November 22, 2014

Do car insurance companies make their own law?

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It seems that just lately the tone of most of our pieces seems to centre around doom and gloom, firstly because there is lots of it about and secondly because sadly we get far more visitors for negative or bad news stories than anything we produce that might have a pleasingly positive spin to it.

Unfortunately despite the introductory explanation this piece is running along familiar lines, but on this occasion it is to champion the cause of a minority group which appears to have no voice, no defence and no hope of a brighter future, the parents of the children/young adults who have just passed their driving test.

What should be a landmark, a joyful coming of age experience and a never forgotten memory is mostly just a nightmare for the poor parents who not only have another reason to worry about the safety of their precious children but the thankless task of paying for it all.

Whilst I think it is only fair that newly qualified drivers and yes particularly young men/boys should have a little lading on their premiums it has now clearly reached a quite ridiculous level.

Many parents and drivers will be aware of this situation but if the example I’m about to give is now indicative of the norm we may as well raise the legal driving limit to 25 and have done with it.

In my capacity as a motor trader I am often asked to help source a car, give advice on whether it is a good car or simply point someone in the direction of a trusted dealer I have had successful dealings with previously. On this occasion I was asked my opinion after the event when unfortunately it was far too late.

A friend’s 17 year old son had paid for all his own driving lessons through his weekend job and had sacrificed many nights out with his mates, doing what young guys up and down the country are doing, simply so that he could experience the joy and independence of driving a car as quickly as possible. At this point I am not going to say this lad was a pillar of society or was on his way to NASA or Carrington, but he was, from what I could see (they don’t really say much to adults at this age) a fairly regular guy who is always polite, never been in trouble and appears a reasonably laid back, level headed kind of teenager.

So he passes his test and as promised his dad, my friend, finds a little 1.3 Ka being sold by a work colleague that fit the bill for him and his lad. It was black in nice nick and only £800 and was presented to him at a family gathering. All rather lovely and positive until my friend encounters what some of you will find a familiar tale, the insurance side of things.

Now they live in a rural area and so having a car will make life a bit easier for all of them; him for his independence and for getting to college and his parents because they won’t have to ferry him around everywhere.

Unfortunately the insurance companies take a slightly different view in that they wanted to insure this lad and his ageing little 1.3 Ford Ka for a staggering £3,000! More than 3 times the value of the car and way above the means of my friend let alone his son.

I cannot believe that anyone in their right mind can say that this is fair or right, we have a legal driving limit and therefore presumably we believe that anyone who qualifies to drive at this age is capable of doing so, yet probably not in the case of insurance companies.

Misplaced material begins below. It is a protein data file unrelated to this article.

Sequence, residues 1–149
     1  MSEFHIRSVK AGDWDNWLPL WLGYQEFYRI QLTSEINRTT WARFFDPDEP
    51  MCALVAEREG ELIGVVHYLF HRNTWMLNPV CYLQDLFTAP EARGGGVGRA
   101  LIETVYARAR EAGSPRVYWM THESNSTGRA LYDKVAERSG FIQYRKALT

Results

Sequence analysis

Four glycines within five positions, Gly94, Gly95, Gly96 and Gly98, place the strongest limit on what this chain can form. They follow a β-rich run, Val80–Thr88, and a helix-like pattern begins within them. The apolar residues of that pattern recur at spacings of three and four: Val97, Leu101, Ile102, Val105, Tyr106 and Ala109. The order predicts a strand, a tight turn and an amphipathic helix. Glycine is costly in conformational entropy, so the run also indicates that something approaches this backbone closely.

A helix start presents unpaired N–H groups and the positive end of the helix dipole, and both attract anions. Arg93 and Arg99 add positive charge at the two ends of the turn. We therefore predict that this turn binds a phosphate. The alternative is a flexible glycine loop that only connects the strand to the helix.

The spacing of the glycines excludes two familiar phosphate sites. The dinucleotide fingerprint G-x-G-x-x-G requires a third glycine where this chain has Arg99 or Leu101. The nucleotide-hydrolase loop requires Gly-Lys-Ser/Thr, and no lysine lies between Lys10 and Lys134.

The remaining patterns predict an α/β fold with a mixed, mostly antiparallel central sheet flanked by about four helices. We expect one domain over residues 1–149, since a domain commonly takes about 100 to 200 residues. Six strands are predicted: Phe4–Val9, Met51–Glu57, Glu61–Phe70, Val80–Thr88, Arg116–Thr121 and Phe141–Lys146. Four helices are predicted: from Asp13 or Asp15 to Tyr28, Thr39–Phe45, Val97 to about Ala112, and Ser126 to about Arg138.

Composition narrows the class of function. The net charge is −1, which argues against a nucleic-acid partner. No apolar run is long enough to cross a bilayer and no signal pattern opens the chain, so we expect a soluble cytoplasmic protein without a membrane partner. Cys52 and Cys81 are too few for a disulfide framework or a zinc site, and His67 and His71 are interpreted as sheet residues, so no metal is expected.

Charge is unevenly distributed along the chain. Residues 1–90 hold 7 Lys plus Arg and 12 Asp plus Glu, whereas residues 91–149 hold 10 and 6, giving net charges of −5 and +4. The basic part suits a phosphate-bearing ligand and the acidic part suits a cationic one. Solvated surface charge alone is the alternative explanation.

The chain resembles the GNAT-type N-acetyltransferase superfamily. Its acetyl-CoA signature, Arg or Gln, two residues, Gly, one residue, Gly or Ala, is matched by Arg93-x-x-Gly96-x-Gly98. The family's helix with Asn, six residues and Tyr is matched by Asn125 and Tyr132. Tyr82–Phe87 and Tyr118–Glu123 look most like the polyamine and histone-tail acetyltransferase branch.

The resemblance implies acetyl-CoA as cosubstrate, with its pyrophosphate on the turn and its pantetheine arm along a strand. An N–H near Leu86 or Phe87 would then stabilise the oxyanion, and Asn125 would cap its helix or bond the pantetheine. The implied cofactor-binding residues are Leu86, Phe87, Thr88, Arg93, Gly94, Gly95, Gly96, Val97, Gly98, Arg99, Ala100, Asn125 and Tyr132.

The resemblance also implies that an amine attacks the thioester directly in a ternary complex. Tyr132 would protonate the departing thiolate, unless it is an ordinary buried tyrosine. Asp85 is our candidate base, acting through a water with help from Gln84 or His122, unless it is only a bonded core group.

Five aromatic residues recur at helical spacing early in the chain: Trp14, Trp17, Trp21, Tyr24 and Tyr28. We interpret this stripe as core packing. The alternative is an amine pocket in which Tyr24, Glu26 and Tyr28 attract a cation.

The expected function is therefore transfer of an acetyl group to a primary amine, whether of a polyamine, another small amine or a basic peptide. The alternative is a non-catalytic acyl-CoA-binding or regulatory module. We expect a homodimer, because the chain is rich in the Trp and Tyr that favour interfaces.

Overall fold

We moan about the amount of drivers on the road without insurance that are a menace to society but is it any wonder when insurance companies behave in this way, surely it is only encouraging young drivers to break the law? Cast your mind back to when you passed your test. Your car is on the drive and all you want to do is go and drive it round your mate’s house and experience the ultimate freedom with the volume on the Harry Moss stereo so loud it distorts the sound coming out of the speakers on the back shelf. But in this instance you can’t because you are not insured, your 17 years old, what do you do?

Answers on a postcard please.

I’m really not sure what the answers are but surely asking £3,000 to insure a young driver unless you know they are reasonably likely to offend, is so prohibitive that only the rich will be able to afford it. According to the British Insurance Brokers’ Association 17- to 20-year-olds are 10 times more likely than an experienced motorist to kill or injure someone in a car accident but what the insurance industry are doing is making legislation themselves rather than the government. They are saying unless you are wealthy you can’t drive a car until you’re 25, can that be right?

I would love to hear some sensible answers on exactly why this is the case and why many other parents find themselves in this position. Of course adding the child as a named driving on the parents own insurance policy may seem tempting but if the child is the main driver or owner of the vehicle it is called “fronting” and is illegal and guess what? The insurance is null and void.

Alas we all know insurance companies are a law to themselves and often make the rules up as they go along you only need do a comparison yourself to see the massive fluctuation in premium quotes to know that there are some spurious companies out there. However if we want un-insured drivers to multiply in this country let’s not find a solution and keep asking g ridiculous amounts of money to insure young drivers and just hope that you are not involved in an accident with one of them!


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Comments

  1. carnutter666 says:

    thanks for that cheerful article i cant wait till next year when my son starts hasseling me for a new car, i better start saving now!!